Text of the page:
People witnessed the SpaceX rocket launch today at 7:24am ET when the tech giant lifted a GPS satellite into orbit.
A Falcon 9 rocket from SpaceX launched GPS III Orbit Vehicle 06, an upgraded Global Positioning System satellite, into space from Space Launch Complex 40 at Cape Canaveral Space Force Station in Florida. The launch was previously scheduled for 7:10am EST (12:10 GMT).
This was SpaceX’s fourth launch of 2023. As is traditional, the first stage of the Falcon 9 touched down roughly eight minutes after launch.
Amelia Earhart, a well-known female aviation pioneer and the first female pilot to fly across the Atlantic Ocean, is honoured by having her name attached to this GPS satellite. The GPS III series has six launches, with the final one named after Neil Armstrong.
The rocket launch today was a part of a bigger initiative to update the country’s GPS fleet. According to Lockheed Martin, the new satellite’s manufacturer, it will eventually be one of 32 next-generation satellites with an anticipated lifespan of 15 years.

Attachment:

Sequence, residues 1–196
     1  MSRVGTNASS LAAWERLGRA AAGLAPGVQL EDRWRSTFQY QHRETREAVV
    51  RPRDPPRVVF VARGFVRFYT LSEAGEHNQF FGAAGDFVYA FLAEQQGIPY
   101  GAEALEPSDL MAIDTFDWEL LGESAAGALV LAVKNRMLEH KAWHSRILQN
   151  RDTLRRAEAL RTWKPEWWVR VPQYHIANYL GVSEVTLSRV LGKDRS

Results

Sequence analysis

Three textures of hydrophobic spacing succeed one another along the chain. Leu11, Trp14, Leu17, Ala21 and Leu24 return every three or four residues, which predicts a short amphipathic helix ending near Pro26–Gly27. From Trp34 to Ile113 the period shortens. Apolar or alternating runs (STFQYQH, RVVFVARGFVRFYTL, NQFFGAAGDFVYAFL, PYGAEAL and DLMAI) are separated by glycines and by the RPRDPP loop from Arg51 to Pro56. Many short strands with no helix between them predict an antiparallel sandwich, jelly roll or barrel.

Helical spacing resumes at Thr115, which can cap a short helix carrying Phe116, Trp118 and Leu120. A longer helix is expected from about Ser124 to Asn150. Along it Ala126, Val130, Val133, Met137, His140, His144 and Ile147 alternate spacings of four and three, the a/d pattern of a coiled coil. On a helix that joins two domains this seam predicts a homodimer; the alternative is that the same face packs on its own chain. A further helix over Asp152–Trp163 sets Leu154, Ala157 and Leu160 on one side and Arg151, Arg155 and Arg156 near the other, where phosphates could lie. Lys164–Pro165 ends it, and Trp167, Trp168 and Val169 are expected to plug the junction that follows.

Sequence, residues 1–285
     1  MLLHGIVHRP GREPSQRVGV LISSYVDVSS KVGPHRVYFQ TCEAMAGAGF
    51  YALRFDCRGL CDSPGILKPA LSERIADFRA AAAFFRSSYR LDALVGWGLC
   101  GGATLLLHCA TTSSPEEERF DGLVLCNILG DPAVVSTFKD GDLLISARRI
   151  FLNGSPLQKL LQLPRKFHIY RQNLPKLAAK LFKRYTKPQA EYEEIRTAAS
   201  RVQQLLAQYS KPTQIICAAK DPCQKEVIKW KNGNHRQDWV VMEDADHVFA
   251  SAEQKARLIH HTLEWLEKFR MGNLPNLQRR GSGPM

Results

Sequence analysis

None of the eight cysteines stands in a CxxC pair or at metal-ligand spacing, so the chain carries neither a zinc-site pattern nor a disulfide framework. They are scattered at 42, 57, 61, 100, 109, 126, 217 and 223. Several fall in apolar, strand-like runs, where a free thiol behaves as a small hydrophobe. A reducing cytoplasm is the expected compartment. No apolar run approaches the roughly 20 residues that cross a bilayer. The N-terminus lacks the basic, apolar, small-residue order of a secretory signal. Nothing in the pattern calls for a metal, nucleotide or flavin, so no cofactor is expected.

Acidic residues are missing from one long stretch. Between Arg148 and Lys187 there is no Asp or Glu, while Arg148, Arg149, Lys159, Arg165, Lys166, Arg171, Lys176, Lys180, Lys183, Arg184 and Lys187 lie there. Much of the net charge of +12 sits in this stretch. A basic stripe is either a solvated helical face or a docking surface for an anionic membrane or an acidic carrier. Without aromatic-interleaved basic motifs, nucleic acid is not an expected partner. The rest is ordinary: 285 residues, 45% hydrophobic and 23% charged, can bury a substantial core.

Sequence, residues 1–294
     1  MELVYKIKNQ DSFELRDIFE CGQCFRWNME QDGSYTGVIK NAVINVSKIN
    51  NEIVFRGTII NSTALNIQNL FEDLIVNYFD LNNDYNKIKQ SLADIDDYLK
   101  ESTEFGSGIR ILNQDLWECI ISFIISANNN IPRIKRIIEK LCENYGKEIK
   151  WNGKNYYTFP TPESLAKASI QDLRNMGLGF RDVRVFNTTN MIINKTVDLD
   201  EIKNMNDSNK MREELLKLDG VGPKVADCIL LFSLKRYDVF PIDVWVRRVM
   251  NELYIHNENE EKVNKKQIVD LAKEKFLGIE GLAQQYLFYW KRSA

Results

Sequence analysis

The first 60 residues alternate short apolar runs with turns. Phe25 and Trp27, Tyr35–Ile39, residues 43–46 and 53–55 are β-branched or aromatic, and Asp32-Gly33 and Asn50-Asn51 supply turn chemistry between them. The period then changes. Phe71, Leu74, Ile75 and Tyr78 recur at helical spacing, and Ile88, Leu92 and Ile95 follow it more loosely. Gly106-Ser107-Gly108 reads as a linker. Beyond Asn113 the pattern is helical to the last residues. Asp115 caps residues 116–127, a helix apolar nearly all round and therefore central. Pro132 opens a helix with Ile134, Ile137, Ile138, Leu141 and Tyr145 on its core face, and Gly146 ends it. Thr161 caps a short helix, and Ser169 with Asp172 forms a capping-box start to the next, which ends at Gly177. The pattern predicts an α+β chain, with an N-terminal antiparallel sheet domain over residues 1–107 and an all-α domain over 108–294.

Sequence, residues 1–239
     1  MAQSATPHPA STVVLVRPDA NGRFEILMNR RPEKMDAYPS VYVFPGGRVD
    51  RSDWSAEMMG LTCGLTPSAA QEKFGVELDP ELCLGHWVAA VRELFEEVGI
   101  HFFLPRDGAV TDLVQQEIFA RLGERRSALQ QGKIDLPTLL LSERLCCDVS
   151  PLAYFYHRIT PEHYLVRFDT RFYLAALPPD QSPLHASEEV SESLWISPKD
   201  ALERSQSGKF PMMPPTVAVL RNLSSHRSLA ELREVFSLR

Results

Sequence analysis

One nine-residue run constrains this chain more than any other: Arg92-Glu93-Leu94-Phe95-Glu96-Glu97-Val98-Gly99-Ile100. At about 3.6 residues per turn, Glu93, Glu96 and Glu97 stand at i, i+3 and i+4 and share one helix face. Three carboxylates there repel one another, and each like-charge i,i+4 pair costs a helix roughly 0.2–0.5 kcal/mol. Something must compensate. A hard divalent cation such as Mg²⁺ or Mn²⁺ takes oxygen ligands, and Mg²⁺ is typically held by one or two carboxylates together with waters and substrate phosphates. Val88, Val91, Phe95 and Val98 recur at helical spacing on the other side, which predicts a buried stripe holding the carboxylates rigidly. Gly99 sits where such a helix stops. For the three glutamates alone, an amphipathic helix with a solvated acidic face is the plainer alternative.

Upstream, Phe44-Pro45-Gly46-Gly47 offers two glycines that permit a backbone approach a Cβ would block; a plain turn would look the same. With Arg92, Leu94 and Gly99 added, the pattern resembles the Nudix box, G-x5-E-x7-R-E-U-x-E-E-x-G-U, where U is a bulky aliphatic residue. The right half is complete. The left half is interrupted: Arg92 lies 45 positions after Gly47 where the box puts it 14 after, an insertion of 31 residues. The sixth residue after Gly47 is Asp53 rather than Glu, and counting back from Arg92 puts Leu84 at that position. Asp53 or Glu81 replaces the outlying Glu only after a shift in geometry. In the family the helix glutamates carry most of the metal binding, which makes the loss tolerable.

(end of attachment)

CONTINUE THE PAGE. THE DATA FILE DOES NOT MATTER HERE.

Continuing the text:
According to Lockheed Martin, the most recent generation of GPS satellites offers up to three times greater accuracy, eight times stronger anti-jamming capabilities, and a new modular design that allows for adaptability “to better address evolving mission needs and emerging threats.”
According to the corporation, four billion people, or almost half of the world’s population, rely on GPS technology for a variety of purposes, including transportation, precise agriculture monitoring, and utility infrastructure, some of which uses GPS in part to pinpoint service areas.
There are other navigation satellite systems than the US GPS network as well. Russia has GLONASS, China has Beidou, and the European Union has its own system named Galileo. In light of Russia’s invasion of Ukraine in February 2022, it is common to discuss GPS system independence as a crucial issue of national sovereignty and security.